These politicians also have additional land holdings in and around the city, and it is in their interest to persist with the privatization of neighbourhood formation. Both by virtue of their land ownership and their ability to affect public policy, this second group will have enormous influence in determining Mysore’s new urbanism.

What is the impact of this new urbanism on the form and ethos of the city?

The cityscape has begun to change as modern architecture takes hold, slowly changing the character of the royal city. While the palaces and public buildings from the early 20th century continue to define Mysore’s landscape, new shopping malls, resorts, multiplexes, apartment complexes and luxurious private houses have now become fairly common.

Mysoreans seem to be quite receptive to the changes brought about by the new money flow. While there does exist some nostalgia for the older and simpler times, the younger Mysoreans are active in real estate trading and construction industry.

So far, despite its rapid growth, Mysore retains its 20th century charm and continues to be a manageable city.

That is Mysore’s attraction for outsiders: for thousands of software engineers, students from all over the world, and increasingly, migrant workers from North Indian states, who come to the city in search of employment. Additionally, over 2.5 million tourists visit the city, among whom are an exotic category of visitors: the yoga students, who have become an ubiquitous part of the cityscape.

Thus, it is not only money which is flowing into Mysore, but new people as well.

What will partly determine the ethos of Mysore is their form of engagement with the city. As noted earlier, Mysore has seen the arrival of outsiders in significant numbers; what’s different about the present is the rampant materialism that seems endemic to both Mysoreans and outsiders.

More than anything else, the flow of money in the form of speculative investment is and will continue to be at the heart of how Mysore will change. Will that leave Mysore’s unhurried and relaxed lifestyle as well as notions of civility and hospitality unaffected?

That ethos of Mysore, of which R.K. Narayan was the finest chronicler, seems to be disappearing. Rampant materialism wasn’t the ethos of Narayan’s Mysore. It only represented the quaint professionalism of Malgudi businessmen.

Today’s Mysore may not offer much space for them.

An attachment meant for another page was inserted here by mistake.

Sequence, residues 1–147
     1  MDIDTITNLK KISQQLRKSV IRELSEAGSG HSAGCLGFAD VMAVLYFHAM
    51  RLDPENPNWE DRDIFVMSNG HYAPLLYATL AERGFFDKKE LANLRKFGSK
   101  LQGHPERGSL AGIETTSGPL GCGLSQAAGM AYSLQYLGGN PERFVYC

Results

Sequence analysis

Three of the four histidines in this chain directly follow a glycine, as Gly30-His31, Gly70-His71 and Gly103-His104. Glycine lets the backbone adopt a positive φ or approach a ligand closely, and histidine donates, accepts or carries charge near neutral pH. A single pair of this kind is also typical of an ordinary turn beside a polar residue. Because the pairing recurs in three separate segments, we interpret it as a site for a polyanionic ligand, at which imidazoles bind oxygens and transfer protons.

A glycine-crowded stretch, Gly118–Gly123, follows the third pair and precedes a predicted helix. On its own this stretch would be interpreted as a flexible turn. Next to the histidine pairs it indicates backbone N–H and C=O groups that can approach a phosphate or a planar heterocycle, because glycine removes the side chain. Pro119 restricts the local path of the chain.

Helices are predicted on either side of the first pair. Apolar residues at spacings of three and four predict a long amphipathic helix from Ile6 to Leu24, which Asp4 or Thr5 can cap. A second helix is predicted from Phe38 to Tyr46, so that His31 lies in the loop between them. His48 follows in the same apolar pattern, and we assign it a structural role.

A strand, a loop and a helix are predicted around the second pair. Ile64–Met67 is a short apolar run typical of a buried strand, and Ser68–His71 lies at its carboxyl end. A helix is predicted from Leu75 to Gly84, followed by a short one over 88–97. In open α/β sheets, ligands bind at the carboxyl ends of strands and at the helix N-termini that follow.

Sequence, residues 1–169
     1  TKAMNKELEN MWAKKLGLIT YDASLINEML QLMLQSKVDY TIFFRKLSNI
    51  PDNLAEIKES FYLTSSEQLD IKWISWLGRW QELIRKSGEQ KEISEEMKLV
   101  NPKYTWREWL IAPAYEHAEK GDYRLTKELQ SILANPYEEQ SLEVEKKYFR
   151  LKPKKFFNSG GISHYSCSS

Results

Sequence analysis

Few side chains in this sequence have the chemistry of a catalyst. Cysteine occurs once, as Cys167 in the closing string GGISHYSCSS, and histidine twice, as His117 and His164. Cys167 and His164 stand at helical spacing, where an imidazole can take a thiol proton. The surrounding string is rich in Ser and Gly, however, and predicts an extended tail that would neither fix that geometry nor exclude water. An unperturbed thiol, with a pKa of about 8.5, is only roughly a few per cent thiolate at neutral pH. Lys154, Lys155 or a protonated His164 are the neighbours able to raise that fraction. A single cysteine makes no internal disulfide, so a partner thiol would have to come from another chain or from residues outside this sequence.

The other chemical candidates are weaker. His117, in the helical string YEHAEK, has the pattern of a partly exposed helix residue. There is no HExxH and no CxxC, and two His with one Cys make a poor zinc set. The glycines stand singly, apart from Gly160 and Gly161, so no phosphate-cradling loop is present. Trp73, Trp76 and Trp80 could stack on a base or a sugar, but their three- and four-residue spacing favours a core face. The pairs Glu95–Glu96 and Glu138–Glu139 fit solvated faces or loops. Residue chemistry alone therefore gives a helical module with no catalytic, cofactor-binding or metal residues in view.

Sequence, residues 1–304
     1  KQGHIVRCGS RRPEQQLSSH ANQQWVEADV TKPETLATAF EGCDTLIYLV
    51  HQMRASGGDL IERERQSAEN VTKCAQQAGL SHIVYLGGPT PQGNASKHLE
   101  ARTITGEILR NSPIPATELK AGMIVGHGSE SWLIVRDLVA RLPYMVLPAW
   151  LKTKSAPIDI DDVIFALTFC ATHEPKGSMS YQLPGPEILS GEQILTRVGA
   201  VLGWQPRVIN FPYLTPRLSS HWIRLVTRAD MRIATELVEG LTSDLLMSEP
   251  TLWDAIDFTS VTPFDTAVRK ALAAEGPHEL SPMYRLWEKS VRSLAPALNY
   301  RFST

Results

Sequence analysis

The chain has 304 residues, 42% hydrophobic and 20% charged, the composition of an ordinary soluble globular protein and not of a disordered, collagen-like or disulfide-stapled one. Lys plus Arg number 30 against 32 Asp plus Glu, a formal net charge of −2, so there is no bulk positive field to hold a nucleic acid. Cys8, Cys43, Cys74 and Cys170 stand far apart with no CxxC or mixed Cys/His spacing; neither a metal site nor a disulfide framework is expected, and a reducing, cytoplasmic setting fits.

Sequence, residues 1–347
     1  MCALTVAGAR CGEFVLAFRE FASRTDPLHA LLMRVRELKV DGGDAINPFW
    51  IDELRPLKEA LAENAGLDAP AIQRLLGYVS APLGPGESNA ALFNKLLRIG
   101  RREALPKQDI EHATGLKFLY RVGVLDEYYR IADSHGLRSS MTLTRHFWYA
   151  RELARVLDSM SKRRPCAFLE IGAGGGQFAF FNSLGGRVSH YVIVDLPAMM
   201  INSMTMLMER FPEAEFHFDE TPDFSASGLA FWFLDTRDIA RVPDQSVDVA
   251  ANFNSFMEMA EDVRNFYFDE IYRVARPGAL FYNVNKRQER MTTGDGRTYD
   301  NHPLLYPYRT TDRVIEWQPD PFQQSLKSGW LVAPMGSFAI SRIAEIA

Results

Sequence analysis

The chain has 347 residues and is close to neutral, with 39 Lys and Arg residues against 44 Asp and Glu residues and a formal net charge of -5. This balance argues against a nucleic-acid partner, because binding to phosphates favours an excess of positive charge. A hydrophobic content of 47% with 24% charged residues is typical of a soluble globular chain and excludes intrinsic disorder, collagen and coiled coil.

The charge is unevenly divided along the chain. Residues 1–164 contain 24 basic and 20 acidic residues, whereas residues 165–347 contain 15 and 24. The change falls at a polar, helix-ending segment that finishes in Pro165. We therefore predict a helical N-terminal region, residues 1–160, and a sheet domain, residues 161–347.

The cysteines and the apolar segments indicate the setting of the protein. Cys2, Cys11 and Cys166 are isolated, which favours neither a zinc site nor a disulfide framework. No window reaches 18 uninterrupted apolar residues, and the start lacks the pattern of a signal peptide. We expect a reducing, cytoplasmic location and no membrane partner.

Prithvi Datta Chandra Shobhi is on the faculty of San Francisco State University, specialising  in medieval South India (especially Kannada literature and cinema) and the cultural politics of contemporary South Asia. A fuller version of this piece appears in the August 2010 issue of Seminar.


Photograph: courtesy Michael Polizzi (top), and Karnataka Photo News

Posthumous Dalit empowerment of R.K. Narayan

13 July 2010

The Guardian, London, ran a story last April on a coffee shop in a hotel in Mysore staffed by Dalit girls.

“Dressed in a sunshine yellow and burgundy langa davane, the traditional costume of young south Indian girls, Gouri glides gracefully around the Green Hotel coffee shop.

“Poised and confident, she is one of 11 young women trained to run the Malgudi coffee shop at the Green Hotel, Mysore.

“The hotel is the brainchild of Dame Hilary Blume, founder of the Charities Advisory Trust in London. But Gouri’s mother could hardly have dreamed that her daughter would enter such a place….”

Admittedly, there is something to be said about this kind of empowerment especially when Dalits have traditionally been condemned to menial tasks like cleaning toilets; when their girls are routinely beaten up, stripped, paraded naked, even killed, for so much as daring to aspire.

Agreed it makes sense for a restaurant in Mysore to name itself after the mythical town that was born in the City, in a manner of speaking. Yet, there are a couple of questions to be asked after throwing political correctness to the wind.

# Like, has Green Hotel or Dame Hilary Blume taken the permission of the writer R.K. Narayan or his family for the use of his creation “Malgudi” for a commercial purpose albeit with a social cause?

# If they haven’t, would vegetarian Narayan, who rarely wore his social concerns on his half-sleeves, have allowed the exploitation of “Malgudi” even if it was to empower Dalit girls?

# And if neither Narayan nor his family have been kept in the loop about such a development, does a “Malgudi” coffee shop amount to a copyright violation, Dalit or no Dalit?